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Concerned with heat i5/i7 build

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  • Intel i7
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Last response: in Systems
September 23, 2009 9:45:01 PM

My main question for a build is dealing with temperature. If I'm worried about heat since I have a small room and air doesn't circulate that great. Should I go for a i5 750 or i7 860 build for their lower wattage vs. a i7 920? Also, I figure if I go i7 920 route, I would eventually go sli/crossfire route and also need a larger psu, increasing heat and noise, with the lynnfields I would just get a nice single gpu. How much more heat could I be expecting? Thoughts? If I could make a computer thats low in heat and noise and going with the 920 route, I would lean towards that instead. I've already read a lot of the posts so have a general idea of what I'd get for each build.


BUDGET RANGE: ~$900 After Rebates

SYSTEM USAGE FROM MOST TO LEAST IMPORTANT: watching movies, gaming, school work, surfing the internet

PARTS NOT REQUIRED: monitor keyboard mouse OS

PREFERRED WEBSITE(S) FOR PARTS: Microcenter/fry's near me, newegg



SLI OR CROSSFIRE: maybe, depending

MONITOR RESOLUTION: currently 1680x1050, maybe upgrade in future

ADDITIONAL COMMENTS: Heat and sound are main concerns.

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September 23, 2009 10:30:07 PM Combo Discount: -$10.00 Combo Price: $89.98
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September 23, 2009 11:55:17 PM

From a cooling point of view, you could use any of the three, and performance would be comparable.
Since the i5-750 is the cheapest, and you are on a budget, Go that route.
Add in any of the top 10 oem coolers, and you will get adequate cooling. along with reduced noise.

With the launch of the 5870 you have a vga card that can run anything out there well with a single card, even at a higher resolution.
No need to plan for crossfire as an upgrade. You only need a psu with two 6 pin pci-e connectors, which will be about 550-650 watts. Look for a unit from corsair or PC P&C. Such a psu will not use any more power than it needs, and since they are relatively efficient, you will not generate much heat or noise.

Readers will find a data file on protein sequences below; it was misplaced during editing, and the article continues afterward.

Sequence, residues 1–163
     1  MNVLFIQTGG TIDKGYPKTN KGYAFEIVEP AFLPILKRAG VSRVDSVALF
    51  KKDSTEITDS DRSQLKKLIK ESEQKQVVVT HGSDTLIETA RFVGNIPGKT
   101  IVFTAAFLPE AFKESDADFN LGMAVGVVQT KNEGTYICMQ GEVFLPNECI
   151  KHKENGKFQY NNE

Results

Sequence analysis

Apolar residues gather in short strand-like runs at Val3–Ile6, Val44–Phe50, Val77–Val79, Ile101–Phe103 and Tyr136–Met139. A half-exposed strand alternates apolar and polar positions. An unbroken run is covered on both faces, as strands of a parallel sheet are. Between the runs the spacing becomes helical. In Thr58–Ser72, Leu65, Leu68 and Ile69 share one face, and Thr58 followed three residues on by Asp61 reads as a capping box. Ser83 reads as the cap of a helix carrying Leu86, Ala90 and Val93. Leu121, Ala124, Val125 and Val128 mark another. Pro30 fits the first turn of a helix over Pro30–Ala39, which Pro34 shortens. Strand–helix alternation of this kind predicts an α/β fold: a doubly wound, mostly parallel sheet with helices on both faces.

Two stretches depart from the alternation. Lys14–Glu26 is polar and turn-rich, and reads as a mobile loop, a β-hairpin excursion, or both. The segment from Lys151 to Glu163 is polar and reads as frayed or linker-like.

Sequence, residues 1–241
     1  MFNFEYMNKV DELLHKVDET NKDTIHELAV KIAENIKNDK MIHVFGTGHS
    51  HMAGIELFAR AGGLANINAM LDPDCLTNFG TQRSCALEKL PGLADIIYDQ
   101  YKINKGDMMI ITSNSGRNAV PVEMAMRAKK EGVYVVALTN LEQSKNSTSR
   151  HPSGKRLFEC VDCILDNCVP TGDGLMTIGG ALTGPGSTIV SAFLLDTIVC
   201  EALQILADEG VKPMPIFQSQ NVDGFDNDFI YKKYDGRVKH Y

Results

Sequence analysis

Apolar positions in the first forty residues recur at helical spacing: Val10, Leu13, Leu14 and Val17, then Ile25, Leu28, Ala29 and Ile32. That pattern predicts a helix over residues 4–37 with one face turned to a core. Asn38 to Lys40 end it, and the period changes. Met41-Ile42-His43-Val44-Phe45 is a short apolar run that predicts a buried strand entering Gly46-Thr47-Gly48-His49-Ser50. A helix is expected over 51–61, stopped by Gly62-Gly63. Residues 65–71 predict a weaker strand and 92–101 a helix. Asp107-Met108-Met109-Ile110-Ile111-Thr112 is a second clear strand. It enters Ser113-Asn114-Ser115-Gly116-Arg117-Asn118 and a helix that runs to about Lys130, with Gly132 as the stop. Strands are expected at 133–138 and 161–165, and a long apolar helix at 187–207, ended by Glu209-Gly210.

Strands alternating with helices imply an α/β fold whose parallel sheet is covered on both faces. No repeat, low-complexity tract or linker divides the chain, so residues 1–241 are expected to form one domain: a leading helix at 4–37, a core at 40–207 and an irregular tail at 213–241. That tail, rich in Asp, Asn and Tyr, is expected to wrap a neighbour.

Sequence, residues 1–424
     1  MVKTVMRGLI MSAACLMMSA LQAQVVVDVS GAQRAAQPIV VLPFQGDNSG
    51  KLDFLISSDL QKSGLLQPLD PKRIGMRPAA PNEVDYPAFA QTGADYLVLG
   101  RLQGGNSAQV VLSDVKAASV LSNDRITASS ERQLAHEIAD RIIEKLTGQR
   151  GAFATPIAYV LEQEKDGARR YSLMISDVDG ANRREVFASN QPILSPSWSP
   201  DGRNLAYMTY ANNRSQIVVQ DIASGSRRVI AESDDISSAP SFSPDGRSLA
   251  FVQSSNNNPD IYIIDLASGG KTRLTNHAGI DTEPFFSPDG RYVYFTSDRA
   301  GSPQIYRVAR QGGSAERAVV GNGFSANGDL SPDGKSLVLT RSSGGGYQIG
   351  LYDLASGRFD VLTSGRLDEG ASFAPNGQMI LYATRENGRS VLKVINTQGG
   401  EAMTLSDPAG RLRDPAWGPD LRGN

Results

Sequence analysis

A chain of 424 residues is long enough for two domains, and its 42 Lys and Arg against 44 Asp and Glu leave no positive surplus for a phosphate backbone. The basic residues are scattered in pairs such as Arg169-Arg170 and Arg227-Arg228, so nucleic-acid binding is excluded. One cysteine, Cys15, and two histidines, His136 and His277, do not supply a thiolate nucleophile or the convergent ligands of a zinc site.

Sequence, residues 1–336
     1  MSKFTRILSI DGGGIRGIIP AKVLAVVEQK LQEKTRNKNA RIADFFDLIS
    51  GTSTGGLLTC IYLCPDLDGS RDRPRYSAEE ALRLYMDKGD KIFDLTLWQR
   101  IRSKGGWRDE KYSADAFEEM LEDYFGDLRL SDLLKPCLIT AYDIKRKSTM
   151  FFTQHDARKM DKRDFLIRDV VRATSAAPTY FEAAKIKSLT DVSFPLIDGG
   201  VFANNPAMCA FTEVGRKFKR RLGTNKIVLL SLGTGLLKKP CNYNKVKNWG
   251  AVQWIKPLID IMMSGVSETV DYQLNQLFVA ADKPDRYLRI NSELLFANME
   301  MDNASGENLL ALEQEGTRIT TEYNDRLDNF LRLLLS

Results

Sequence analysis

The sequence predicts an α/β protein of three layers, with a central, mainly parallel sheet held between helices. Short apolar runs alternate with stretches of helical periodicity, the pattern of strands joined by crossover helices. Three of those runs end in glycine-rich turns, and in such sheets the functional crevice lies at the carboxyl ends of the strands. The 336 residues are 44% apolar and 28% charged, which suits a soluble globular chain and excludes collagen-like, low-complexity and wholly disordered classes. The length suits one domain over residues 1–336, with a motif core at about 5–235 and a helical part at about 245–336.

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September 24, 2009 12:01:19 AM

What is your ambient temperature since you are so concerned about heat.

Why_me suggested a decent build.
September 24, 2009 12:13:47 AM

You do want adequate cooling, but the cooling of the PC is not going to change the heat generated. Even if it's water-cooled, the total heat of the system will not change.

The only change you can make is the efficiency of the parts. A very efficient PSU will help. The GTX 260 is a fairly efficient GPU and so a good choice.

I think a nice efficient Antec PSU might be the better choice here though.

Don't OC beyond the stock voltage if you are trying to keep the room cool.
September 24, 2009 12:17:41 AM

Thanks for the replies, my house is usually cooled to around 76F, we don't keep it too low so heat generated from the computer is fairly noticeable after long hours of operation. The build seems reasonable to me, I will probably gather most of the parts together and wait and see where the dust settles with the latest gpu announcements.
September 24, 2009 12:21:34 AM

To Proximon:
Thank you, good information to know, I haven't found much regarding this topic. A friend was telling me mainly the cpu and gpu would be generating heat but I wanted to know more about that.